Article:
Why the Bible matters to me

A few years ago, as I was slowly recovering from my life as an evangelical, it came to me that the bible cannot possibly be the infallible word of god. This quickened my recovery and opened up a whole new world of freedom from dogma, shame, and fear. Possibly the most significant effect of this transition was that I finally felt free to ask myself the really hard questions about my sexual orientation and give myself the freedom to chase what I really wanted.

I am now deeply happy, living a whole new life with Astasia, pursuing a future I had never thought possible. Yet I keep returning to the bible and what it says, investigating its meanings, and reading what others have to say on the matter. Astasia would probably describe my preoccupation with the intersection of christianity and homosexuality to be borderline obsessive. I am thoroughly convinced that there is nothing in the bible condemning homosexual orientation, and I am deeply interested in how others might discover this perspective.

Why, you may ask (others have asked), if you don't believe in god or the authority of scripture, do you care whether it addresses the issue of homosexual orientation? It's a valid question. What the bible has to say about me will not affect my behavior or inform the way I think about myself, at least not anymore. Do the words in the bible really affect my life at all?

Yes, they do.

Which is to say, the words in the bible affect people who affect my life. My family, for example. But parental disapproval aside, you can't tell me that the resistance we've had to gay marriage in this country is not related to religion. Even those who don't consider themselves religious will cite the bible as evidence that homosexuality is wrong. Hate crimes committed against gay victims are done in the name christianity's moral authority.

Conversations I've had with christians on the subject usually end with the christian saying that we should assume the most obvious interpretation. The problem I have with this is not surprising - it's completely selective. I remember discussions in my family's church regarding the role of women in the church. The plain language of Paul in the New Testament is that women should not be permitted to speak in church, however, there was much made of original language and cultural context, so that those teaching the matter to me concluded that while Paul's plain language implied that he didn't think women ought to be permitted to speak in church, the true meaning of the text was not an attempt to subjugate women.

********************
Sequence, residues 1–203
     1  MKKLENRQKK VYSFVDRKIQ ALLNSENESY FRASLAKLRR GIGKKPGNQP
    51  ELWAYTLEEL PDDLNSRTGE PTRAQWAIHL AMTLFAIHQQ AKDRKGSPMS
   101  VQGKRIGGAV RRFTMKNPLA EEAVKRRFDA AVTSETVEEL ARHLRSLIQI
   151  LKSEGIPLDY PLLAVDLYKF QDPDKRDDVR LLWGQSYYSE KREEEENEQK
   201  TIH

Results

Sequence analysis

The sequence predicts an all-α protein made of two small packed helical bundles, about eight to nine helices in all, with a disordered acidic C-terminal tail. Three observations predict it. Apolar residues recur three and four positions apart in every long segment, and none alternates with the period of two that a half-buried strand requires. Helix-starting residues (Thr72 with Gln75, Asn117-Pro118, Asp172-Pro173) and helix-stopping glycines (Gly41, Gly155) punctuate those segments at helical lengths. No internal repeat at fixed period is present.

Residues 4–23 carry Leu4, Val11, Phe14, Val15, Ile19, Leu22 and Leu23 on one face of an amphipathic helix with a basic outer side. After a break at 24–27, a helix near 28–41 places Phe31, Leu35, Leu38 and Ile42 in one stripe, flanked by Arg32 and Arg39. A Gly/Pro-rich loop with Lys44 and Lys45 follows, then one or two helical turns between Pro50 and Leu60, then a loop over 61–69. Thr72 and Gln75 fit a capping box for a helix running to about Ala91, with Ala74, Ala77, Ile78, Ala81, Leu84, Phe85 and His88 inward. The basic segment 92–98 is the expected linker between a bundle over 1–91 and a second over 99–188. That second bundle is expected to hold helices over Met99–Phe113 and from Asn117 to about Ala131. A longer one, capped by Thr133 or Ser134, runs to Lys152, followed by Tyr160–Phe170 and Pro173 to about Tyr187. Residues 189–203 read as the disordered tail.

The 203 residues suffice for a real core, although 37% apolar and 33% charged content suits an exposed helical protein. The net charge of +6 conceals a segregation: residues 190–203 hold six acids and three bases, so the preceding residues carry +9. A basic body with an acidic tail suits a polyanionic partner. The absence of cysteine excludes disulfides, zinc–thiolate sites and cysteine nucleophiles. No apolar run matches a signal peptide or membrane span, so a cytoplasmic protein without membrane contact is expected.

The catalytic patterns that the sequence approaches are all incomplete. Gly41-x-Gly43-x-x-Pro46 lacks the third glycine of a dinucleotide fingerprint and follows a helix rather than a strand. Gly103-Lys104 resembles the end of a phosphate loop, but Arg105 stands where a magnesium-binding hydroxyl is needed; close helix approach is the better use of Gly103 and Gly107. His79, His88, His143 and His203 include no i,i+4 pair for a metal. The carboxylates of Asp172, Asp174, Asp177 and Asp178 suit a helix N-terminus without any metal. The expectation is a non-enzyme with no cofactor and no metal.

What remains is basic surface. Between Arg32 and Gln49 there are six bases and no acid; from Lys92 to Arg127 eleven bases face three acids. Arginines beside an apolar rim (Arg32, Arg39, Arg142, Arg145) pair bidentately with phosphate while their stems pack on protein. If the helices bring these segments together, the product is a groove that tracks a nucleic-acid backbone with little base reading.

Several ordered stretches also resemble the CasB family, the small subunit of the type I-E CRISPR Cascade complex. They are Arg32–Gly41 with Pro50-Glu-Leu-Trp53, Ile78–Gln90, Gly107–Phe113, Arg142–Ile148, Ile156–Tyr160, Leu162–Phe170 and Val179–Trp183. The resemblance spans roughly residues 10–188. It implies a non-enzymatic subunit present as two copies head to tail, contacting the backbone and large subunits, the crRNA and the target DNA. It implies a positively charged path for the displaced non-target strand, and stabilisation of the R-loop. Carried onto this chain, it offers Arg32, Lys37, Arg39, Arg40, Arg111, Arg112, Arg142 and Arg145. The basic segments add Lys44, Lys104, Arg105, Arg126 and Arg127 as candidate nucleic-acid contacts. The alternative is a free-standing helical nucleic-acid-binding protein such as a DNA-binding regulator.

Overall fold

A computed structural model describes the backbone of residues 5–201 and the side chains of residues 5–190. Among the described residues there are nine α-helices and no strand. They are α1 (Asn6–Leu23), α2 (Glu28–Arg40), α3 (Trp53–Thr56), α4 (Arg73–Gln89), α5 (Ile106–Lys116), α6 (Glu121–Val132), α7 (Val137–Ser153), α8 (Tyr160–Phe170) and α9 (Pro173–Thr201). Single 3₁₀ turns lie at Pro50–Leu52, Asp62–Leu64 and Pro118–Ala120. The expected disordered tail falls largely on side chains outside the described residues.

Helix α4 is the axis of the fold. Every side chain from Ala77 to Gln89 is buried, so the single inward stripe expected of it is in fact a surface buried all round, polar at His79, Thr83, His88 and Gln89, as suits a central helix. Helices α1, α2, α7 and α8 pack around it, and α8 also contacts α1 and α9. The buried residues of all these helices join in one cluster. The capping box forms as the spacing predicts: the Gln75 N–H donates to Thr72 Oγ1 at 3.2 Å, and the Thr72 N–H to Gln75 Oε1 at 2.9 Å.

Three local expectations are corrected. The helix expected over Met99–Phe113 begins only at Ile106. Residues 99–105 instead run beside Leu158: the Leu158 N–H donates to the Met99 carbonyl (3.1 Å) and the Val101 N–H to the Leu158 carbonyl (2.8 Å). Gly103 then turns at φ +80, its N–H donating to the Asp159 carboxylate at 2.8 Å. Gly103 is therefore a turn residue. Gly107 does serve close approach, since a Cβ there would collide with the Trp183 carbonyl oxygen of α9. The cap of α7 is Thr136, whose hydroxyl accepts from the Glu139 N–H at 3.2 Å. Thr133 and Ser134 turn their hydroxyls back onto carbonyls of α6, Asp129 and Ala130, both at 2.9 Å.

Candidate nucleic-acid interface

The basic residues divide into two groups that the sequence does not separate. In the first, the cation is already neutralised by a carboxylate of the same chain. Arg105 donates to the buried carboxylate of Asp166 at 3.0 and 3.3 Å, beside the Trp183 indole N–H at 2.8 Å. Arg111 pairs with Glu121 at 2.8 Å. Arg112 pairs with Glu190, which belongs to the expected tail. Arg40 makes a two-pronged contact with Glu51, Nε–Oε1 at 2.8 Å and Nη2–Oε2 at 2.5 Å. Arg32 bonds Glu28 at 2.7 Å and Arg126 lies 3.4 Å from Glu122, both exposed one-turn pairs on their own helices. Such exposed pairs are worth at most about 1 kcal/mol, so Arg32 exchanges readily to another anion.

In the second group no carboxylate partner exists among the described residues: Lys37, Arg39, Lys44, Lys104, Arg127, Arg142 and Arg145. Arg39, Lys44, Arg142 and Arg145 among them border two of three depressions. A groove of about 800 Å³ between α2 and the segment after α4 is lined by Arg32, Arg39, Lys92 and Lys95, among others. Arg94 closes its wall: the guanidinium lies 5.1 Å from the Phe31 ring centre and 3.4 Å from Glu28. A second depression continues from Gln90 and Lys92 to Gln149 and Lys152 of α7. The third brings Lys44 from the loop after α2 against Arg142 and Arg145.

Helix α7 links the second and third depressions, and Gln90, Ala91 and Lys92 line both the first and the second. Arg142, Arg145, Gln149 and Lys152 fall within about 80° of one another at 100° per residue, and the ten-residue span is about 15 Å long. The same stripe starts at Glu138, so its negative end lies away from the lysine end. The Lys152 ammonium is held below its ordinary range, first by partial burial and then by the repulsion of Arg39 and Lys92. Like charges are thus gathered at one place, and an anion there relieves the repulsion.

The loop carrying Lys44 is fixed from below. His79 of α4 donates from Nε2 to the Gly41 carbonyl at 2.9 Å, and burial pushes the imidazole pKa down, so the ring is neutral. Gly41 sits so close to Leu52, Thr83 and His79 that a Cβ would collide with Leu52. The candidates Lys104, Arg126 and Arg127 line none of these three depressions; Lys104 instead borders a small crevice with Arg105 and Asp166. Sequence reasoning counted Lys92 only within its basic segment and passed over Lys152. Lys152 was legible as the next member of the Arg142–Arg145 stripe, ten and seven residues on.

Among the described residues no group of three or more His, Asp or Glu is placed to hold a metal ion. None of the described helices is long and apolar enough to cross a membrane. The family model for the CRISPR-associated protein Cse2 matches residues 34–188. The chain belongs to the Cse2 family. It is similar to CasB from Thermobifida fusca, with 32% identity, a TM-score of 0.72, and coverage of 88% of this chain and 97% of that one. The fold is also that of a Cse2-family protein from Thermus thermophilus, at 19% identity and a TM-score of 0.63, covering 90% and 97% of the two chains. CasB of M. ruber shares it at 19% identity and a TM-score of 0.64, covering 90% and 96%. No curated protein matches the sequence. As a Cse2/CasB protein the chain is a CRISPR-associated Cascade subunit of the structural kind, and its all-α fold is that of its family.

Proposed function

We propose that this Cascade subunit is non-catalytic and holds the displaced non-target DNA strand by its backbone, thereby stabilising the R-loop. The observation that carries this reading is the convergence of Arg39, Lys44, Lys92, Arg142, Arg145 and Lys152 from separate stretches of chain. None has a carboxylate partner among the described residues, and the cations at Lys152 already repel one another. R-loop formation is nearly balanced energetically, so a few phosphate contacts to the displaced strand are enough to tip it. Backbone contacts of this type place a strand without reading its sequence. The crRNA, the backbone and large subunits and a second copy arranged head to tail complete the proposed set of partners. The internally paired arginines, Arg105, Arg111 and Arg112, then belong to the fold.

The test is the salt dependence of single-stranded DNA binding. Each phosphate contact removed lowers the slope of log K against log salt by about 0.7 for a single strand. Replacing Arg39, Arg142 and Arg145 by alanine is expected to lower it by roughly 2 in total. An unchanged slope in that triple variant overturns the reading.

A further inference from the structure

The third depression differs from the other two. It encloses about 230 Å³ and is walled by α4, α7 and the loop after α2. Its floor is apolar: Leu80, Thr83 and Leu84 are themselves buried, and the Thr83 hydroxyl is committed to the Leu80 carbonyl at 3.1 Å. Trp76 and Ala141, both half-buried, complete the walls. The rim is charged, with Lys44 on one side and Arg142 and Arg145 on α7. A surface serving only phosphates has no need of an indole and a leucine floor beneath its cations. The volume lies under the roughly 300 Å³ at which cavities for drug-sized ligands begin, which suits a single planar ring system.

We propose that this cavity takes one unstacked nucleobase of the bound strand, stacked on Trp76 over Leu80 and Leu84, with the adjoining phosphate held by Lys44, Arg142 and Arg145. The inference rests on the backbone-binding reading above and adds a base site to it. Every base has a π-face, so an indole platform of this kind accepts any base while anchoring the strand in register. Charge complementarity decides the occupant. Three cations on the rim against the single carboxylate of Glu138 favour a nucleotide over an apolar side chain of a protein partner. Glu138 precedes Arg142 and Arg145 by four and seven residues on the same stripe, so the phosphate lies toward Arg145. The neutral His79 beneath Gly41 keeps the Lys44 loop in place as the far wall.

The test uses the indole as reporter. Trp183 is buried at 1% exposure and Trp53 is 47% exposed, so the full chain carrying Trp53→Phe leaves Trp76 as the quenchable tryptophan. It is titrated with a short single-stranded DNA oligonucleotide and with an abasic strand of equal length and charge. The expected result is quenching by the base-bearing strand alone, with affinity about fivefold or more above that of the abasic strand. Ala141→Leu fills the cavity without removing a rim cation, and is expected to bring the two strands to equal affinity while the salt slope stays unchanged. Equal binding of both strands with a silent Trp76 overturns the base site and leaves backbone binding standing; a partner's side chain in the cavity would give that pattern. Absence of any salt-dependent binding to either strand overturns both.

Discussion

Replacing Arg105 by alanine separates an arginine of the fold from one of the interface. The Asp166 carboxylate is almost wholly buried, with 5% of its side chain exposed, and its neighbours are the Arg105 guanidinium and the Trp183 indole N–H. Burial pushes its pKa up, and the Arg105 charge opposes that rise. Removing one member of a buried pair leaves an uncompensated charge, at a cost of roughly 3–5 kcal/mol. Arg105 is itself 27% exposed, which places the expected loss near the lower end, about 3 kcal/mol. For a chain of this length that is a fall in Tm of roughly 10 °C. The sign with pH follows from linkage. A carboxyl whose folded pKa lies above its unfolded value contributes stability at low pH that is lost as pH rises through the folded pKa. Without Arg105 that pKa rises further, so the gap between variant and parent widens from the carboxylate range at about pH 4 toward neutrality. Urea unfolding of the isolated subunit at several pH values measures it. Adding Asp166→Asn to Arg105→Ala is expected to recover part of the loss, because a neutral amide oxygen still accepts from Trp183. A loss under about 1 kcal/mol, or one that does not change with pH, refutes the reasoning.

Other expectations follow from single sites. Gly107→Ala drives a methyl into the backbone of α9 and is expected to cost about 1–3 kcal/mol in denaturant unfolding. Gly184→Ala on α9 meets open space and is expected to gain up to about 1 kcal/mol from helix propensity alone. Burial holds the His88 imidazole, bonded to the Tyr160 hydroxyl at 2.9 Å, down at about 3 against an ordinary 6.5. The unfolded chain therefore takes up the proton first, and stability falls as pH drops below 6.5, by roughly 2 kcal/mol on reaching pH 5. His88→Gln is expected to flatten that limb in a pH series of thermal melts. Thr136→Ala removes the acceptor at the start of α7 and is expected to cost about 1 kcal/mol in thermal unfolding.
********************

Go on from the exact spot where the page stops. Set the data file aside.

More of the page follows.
Imagine my surprise, then, when I suggest that original language and cultural context ought to play a part in biblical interpretation of supposedly anti-gay texts, and am told to just accept the plain language of scripture and stop trying to rationalize and justify my immoral lifestyle.

I was thrilled when I finally came across an exhaustive scholarly treatment of the history of homosexuality as it relates to christianity that is highly regarded in academic circles. The book is "Christianity, Social Tolerance, and Homosexuality: Gay People in Western Europe from the Beginning of the Christian Era to the Fourteenth Century" by John Boswell. While it is primarily a historical study, Boswell does delve into the realm of Greek language and biblical text as it relates to the culture of the time. It was, overall, a dense and difficult but immensely rewarding read.

Thus, I've decided to read it again, and respond to it here on this blog. As I have loads of homework for the next two weeks, I can't promise much immediately, but that doesn't really matter, as I can't possibly post less frequently than I have been, and I'm mostly just talking to myself here anyway.

I'd like to be better at posting regularly, so I'll probably post about other things too. But that's my intention for now.